India’s foreign policy dilemma
By MV Kamath
Of late three issues have suddenly come out in the open: US-Pakistan ties, US-India ties and Sino-Indian ties. All three are plainly inter-related and have become more inseparable than ever. To start with US-Pakistan relations: The US-Pak spat over the Haqqani Network has long been overdue, with the Network’s attack on the US Embassy in Kabul, opening long-felt anger in US policy-making circles against Pakistan. All these years, the US has troated Pakistan – no matter what anybody said – as a subordinate nation to be adopted for strategic reasons as an additional help in the pursuit of its Cold War politics. Islamabad thought that it was smart to accept that role on the grounds that such assistance the US gave could profitably be used against its self-appointed ‘enemy’ – India.
The US was aware of Pak duplicity, but it chose to look the other way round. Pakistan was accommodative to the US to the extent the latter served its purpose. But there came a time when Washington began to demand more from Pakistan in the quelling of terrorism than Islamabad was willing to oblige. A break-up of US-Pakistan ties was only to be expected. That came when Pakistan Prime Minister Syed Yusuf Raza Gilani said it in so many words that “enough is enough” and it cannot any longer take orders from the US. Indeed, the ISI told the CIA that Pakistan will be forced to retaliate if the US forces launched a strike on its tribal belt.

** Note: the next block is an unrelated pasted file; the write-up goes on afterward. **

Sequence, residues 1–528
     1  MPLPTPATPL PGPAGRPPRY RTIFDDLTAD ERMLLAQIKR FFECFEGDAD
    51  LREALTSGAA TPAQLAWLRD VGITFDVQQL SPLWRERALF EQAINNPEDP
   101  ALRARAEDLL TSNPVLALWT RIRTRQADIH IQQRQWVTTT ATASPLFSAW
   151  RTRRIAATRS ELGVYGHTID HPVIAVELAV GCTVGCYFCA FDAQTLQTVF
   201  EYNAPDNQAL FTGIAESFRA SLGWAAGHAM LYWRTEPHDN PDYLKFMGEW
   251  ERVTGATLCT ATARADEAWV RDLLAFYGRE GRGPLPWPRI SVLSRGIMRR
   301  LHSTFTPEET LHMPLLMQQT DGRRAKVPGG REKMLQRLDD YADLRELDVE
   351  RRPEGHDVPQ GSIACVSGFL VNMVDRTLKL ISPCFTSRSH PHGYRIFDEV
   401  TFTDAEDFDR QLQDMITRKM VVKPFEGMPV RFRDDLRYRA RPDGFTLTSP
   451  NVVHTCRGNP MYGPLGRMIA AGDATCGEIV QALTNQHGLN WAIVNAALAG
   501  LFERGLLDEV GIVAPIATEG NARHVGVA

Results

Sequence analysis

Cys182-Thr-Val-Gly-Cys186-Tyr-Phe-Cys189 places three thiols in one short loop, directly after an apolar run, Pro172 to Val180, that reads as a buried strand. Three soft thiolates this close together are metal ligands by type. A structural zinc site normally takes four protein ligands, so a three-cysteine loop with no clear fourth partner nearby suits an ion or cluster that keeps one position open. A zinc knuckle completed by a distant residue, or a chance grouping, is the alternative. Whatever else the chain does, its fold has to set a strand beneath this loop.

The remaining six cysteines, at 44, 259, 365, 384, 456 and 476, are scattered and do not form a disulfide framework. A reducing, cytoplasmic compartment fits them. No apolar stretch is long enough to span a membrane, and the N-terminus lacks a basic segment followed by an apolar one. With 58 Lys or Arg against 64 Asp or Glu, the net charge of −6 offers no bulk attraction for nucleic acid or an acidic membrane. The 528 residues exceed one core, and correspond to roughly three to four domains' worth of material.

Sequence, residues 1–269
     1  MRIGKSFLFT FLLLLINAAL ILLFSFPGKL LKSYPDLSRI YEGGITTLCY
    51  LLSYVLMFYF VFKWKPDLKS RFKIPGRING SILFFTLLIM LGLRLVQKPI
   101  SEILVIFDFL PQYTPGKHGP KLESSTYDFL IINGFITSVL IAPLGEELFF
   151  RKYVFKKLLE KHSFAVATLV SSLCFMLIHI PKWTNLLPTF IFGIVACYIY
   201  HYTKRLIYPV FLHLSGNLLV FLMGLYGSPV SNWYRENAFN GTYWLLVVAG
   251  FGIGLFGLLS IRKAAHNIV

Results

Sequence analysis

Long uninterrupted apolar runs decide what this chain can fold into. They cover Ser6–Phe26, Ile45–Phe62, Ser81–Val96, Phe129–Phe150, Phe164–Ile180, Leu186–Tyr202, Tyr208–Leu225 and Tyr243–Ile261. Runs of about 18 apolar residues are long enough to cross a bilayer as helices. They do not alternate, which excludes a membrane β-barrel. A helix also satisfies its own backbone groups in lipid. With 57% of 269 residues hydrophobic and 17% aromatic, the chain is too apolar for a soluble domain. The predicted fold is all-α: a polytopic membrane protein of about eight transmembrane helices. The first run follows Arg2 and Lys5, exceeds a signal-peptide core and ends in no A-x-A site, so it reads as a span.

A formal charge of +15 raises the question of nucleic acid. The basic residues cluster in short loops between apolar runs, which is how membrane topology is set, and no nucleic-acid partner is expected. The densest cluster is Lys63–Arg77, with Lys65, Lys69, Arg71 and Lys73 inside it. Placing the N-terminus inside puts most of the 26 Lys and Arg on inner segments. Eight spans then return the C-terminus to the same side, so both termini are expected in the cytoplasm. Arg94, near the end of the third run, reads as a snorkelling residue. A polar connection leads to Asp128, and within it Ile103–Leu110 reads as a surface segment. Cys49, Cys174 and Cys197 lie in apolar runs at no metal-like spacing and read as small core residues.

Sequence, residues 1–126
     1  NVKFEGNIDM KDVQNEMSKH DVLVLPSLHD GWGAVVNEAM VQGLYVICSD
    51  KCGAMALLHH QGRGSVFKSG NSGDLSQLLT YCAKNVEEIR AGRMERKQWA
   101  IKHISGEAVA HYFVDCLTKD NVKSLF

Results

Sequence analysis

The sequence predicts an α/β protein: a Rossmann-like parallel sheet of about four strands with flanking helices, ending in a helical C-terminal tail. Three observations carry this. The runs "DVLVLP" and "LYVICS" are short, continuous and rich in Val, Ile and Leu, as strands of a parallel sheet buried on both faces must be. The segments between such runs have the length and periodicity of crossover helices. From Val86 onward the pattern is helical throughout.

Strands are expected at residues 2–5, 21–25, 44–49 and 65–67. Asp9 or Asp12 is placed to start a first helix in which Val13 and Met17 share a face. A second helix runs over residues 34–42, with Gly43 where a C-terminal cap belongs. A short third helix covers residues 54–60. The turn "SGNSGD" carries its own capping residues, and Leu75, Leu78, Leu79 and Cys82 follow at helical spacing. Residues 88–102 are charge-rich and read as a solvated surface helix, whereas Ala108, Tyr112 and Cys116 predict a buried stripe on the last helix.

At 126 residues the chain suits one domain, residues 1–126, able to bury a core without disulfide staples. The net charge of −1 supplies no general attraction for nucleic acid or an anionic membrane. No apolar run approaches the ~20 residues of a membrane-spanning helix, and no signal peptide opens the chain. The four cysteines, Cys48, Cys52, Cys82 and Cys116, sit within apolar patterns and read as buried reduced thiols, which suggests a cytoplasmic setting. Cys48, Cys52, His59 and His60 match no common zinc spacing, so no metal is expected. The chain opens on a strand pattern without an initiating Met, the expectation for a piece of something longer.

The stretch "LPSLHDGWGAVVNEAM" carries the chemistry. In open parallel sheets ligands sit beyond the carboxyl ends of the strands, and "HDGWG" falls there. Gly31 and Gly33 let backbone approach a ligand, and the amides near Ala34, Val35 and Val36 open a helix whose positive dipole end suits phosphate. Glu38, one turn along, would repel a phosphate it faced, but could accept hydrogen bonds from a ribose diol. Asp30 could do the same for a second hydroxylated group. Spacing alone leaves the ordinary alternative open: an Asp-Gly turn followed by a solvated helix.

One understands that once, earlier in 2007, Pakistan had reportedly attacked US forces that had gone berserk, but the news was kept a secret. Now the US has three choices: One is to soften its stance and give Pakistan enough elbow room for manipulating its approach to fighting terrorism. The second is to ignore Pakistan’s plea and treat it as a hostile nation. The third is to cease all aid, military and economic, and let Pakistan collapse on its own. This last would be in China’s interests, which will explain Beijing’s pledge to give Pakistan its full support in its desire to retain its sovereignty and ultimate security. That pledge was conveyed to Pakistan in late September by the Chinese Public Security Minister Meng Jianzhi.
Pakistan’s Prime Minister Gilani was so taken in by this open support that he told Meng: “Your friends are our friends, your enemies are our enemies and your security is our security”. One can’t expect Washington to be pleased with this. Nor can India. Indeed, only recently India and Pakistan had agreed to work jointly to more than double bilateral trade within three years from current $ 2.7 billion per annum to about $ six billion. But what can India do with a neighbour which speaks in many voices? On the one hand, there are reports that the Pakistan business world wants closer ties with India and that more and more Pakistanis are wishing to travel to India. Only the other day, FICCI’s Secretary General Rajiv Kumar was quoted as saying that there is “a new optimism in Indo-Pak ties”.